While most pharmacists and pharmacy technicians are upstanding citizens who do their jobs well, there are a few who take advantage of their position to feed a drug habit. While this is a problem nationwide, the state of Maine has been hit particularly hard by this issue. According to an investigation by the Maine Center for Public Interest Reporting of state disciplinary records, from 2003 to 2013, 16 pharmacists and 41 pharmacy technicians lost their licenses for stealing drugs from pharmacy shelves or from the patients whose prescriptions they filled. Their research also uncovered that more than one-third of the prescription drugs stolen from pharmacies in the state are taken by employees.
The most commonly stolen pills are also the most commonly abused: Opiate-based painkillers. Some law enforcement and medical officials in Maine worry that many pharmacists may be impaired while they are on the job.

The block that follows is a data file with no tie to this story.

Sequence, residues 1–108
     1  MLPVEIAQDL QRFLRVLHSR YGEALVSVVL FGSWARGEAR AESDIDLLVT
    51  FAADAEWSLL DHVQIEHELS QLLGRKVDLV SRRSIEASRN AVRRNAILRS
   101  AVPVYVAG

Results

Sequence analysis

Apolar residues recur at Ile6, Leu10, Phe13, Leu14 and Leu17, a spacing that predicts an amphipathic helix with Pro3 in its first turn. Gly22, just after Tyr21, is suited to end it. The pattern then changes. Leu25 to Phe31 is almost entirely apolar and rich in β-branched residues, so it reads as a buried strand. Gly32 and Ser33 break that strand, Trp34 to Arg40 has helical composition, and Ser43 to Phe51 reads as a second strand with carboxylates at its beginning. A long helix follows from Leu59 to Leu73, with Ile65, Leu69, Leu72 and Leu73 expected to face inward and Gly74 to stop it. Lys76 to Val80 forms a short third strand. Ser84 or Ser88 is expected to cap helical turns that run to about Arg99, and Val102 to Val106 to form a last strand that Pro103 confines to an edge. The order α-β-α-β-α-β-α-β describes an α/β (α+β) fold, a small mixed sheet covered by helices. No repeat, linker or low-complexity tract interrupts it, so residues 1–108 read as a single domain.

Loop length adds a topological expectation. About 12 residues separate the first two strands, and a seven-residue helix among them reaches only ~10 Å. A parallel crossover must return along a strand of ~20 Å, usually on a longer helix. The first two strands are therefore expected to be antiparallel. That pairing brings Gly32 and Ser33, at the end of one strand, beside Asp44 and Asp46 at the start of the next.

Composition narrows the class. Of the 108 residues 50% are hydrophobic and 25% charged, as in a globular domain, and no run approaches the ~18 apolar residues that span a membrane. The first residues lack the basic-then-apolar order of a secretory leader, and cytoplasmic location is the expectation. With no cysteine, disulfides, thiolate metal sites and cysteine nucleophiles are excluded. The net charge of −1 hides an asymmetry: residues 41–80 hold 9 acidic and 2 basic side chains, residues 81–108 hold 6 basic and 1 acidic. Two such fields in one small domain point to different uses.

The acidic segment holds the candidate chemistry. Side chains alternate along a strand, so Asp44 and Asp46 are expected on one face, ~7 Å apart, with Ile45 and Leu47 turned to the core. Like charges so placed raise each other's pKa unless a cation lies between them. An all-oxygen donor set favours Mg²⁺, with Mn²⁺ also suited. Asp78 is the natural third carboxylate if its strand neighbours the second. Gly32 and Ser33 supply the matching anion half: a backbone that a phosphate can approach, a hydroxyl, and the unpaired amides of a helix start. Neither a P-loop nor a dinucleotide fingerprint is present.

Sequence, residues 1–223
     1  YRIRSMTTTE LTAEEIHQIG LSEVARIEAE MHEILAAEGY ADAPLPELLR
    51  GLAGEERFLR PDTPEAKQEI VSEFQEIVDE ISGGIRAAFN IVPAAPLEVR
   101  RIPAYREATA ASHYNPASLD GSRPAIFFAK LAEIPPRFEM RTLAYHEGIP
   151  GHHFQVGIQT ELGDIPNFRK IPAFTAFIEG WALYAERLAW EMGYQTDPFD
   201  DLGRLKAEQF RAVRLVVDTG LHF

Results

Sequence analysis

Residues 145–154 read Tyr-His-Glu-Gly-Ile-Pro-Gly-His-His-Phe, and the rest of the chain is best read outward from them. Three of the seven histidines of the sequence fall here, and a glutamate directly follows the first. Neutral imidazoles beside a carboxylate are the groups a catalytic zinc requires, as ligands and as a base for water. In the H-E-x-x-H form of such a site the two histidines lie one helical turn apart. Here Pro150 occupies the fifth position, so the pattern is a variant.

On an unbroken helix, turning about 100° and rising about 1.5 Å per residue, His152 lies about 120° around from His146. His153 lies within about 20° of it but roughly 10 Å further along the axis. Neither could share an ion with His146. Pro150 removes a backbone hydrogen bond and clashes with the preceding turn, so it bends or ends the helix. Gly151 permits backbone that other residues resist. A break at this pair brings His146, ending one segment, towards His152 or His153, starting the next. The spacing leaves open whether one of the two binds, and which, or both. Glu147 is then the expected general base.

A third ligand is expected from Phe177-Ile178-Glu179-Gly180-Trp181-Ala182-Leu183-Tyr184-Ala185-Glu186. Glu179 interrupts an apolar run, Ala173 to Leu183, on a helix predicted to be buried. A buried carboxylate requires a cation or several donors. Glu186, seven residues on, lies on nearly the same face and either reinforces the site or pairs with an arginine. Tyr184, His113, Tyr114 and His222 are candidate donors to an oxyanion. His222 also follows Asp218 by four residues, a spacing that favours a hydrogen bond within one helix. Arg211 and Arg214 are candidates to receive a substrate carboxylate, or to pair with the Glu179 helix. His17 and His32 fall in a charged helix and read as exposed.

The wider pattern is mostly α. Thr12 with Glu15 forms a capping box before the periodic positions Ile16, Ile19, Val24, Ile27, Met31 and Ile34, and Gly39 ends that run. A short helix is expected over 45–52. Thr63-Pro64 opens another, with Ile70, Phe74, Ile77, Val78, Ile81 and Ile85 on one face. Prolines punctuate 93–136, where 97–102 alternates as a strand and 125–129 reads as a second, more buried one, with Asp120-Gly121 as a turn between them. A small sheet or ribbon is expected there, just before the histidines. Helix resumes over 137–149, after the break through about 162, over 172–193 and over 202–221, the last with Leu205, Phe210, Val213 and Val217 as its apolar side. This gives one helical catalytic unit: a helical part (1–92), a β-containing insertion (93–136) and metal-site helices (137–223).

"If you've got a pharmacist that's working impaired, the public's going to be at more of a risk for the pharmacist making mistakes because he's not of sound mind and judgment," said Greg Cameron, a pharmacy professor and former investigator for the Maine Board of Pharmacy, to the Maine Sun Journal.
In recent years, the state of Maine has made punishments for prescription thefts much more severe. Those caught stealing face steep fines and the revocation of their licenses.
Prescription drug abuse can affect people of all walks of life. If someone you love is struggling with addition, contact Intervention Services today. An experienced interventionist can assist your friend or relative in entering an effective treatment program.
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